Teetotalism (US and Canadian usage) and Teetotallism (British Commonwealth usage), (also tee-totalism), refers to either the practice of or the promotion of complete abstinence from alcoholic beverages. A person who practices (and possibly advocates) teetotalism is called a teetotaler (also spelled teetotaller; plural teetotalers or teetotallers) or is simply said to be teetotal. The teetotalism movement was first started in Preston, England in the early 19th century.
Some common reasons for choosing teetotalism are religious, health, family, philosophical, fear of gastric/epi-gastric and/or social reasons, and, sometimes, as simply a matter of taste or preference. When at drinking establishments, teetotallers either abstain from drinking or consume non-alcoholic beverages such as tea, coffee, water, juice, soft drinks and mocktails.
Contemporary and colloquial usage has somewhat expanded teetotalism to include strict abstinence from most recreational intoxicants (legal and illegal). Most teetotaler organizations also demand from their members that they do not promote or produce alcoholic intoxicants.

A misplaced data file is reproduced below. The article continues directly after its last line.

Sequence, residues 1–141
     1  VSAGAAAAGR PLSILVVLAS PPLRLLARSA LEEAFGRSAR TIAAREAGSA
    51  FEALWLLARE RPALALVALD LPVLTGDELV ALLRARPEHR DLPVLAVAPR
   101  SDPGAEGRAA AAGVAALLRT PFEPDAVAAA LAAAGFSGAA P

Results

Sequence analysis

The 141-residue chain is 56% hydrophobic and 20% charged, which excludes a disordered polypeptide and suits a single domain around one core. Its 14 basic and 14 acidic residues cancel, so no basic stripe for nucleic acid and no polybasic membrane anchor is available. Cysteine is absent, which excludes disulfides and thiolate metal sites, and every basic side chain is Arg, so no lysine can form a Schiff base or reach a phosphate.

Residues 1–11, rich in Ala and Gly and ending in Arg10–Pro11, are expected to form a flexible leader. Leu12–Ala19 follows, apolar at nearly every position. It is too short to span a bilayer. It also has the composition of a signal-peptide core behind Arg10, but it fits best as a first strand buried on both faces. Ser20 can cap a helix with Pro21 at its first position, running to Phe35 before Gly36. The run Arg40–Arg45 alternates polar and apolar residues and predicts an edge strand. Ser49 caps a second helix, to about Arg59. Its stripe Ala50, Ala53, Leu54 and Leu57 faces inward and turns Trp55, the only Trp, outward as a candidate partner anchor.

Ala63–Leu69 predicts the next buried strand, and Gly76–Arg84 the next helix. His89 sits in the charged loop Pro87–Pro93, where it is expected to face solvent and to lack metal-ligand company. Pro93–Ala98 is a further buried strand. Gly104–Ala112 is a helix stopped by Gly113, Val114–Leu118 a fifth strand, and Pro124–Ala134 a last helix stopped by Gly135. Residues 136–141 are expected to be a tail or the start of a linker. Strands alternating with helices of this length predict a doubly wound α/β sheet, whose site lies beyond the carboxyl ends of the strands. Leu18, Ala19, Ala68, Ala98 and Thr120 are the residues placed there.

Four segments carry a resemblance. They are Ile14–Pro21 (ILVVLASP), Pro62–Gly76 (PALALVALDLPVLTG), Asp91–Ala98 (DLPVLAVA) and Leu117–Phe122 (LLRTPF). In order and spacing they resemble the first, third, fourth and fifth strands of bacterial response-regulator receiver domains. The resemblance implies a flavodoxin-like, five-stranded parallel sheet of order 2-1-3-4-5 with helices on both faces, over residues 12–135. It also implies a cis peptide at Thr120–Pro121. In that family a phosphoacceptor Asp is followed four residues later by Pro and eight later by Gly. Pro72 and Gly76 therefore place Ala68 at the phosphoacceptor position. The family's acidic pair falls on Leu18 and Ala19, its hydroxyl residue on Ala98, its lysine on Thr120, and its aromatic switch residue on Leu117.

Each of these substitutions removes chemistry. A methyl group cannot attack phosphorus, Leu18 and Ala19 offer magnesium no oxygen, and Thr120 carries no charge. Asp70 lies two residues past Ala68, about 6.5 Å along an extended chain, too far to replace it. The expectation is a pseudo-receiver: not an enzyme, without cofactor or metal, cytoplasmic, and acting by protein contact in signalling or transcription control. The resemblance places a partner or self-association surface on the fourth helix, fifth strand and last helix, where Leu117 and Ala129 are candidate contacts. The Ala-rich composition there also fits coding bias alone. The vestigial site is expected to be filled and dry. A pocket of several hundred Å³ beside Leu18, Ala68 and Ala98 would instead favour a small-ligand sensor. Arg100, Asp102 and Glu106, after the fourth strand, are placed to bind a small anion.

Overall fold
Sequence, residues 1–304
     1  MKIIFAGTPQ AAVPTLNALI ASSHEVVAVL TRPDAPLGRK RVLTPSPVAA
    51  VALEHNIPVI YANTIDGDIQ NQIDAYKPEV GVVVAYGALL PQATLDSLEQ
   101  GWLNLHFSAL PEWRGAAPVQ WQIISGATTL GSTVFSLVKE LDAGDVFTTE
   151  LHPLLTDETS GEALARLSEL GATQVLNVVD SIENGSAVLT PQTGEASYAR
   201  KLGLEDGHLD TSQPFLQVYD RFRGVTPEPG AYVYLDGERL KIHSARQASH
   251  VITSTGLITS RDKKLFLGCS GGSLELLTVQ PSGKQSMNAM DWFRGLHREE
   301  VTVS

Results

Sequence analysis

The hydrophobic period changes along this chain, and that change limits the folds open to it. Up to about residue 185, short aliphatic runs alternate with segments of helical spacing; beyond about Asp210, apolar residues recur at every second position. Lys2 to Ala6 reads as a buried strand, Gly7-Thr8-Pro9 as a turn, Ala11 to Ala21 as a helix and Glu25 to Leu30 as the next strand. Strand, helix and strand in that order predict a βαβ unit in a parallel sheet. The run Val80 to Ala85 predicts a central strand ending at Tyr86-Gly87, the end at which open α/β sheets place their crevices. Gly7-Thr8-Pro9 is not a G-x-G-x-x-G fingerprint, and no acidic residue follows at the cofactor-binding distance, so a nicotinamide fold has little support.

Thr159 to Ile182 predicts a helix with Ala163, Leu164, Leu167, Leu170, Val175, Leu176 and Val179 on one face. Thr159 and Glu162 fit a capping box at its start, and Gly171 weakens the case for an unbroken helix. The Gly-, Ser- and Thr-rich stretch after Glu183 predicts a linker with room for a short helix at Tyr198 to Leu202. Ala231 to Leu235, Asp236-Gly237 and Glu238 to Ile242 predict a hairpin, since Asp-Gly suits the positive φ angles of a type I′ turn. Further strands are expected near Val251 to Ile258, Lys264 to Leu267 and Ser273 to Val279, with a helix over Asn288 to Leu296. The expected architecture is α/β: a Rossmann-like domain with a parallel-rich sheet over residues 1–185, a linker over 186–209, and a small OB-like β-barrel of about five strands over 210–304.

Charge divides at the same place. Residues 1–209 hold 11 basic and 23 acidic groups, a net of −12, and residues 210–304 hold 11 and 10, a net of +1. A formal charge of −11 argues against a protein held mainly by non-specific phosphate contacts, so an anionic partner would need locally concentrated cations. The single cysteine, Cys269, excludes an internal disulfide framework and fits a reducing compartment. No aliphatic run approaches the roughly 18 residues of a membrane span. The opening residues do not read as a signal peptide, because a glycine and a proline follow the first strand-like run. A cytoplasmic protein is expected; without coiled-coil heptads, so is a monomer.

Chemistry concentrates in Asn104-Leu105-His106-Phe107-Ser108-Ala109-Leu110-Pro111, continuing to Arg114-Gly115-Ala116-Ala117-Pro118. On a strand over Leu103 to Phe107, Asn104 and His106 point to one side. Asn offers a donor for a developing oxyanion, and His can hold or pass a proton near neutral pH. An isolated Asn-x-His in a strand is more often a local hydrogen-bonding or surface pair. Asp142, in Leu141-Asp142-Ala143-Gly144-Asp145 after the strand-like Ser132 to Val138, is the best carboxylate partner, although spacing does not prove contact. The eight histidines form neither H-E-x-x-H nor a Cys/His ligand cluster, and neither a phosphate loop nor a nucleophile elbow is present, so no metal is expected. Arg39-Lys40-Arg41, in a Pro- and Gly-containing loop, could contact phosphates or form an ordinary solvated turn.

One anecdote attributes the origin of the word to a meeting of the Preston Temperance Society in 1832 or 1833. This society was founded by Joseph Livesey, who was to become a leader of the temperance movement and the author of The Pledge: "We agree to abstain from all liquors of an intoxicating quality whether ale, porter, wine or ardent spirits, except as medicine." The story attributes the word to Dicky Turner, a member of the society, who had a stammer, and in a speech said that nothing would do but "tee-tee-total abstinence".An alternative explanation is that teetotal is simply a reduplication of the 'T' in total (T-total). It is said that as early as 1827 in some Temperance Societies signing a 'T' after one's name signified one's pledge for total abstinence. In England in the 1830s, when the word first entered the lexicon, it was also used in other contexts as an emphasized form of total. In this context, the word is still used, predominantly in the southern United States.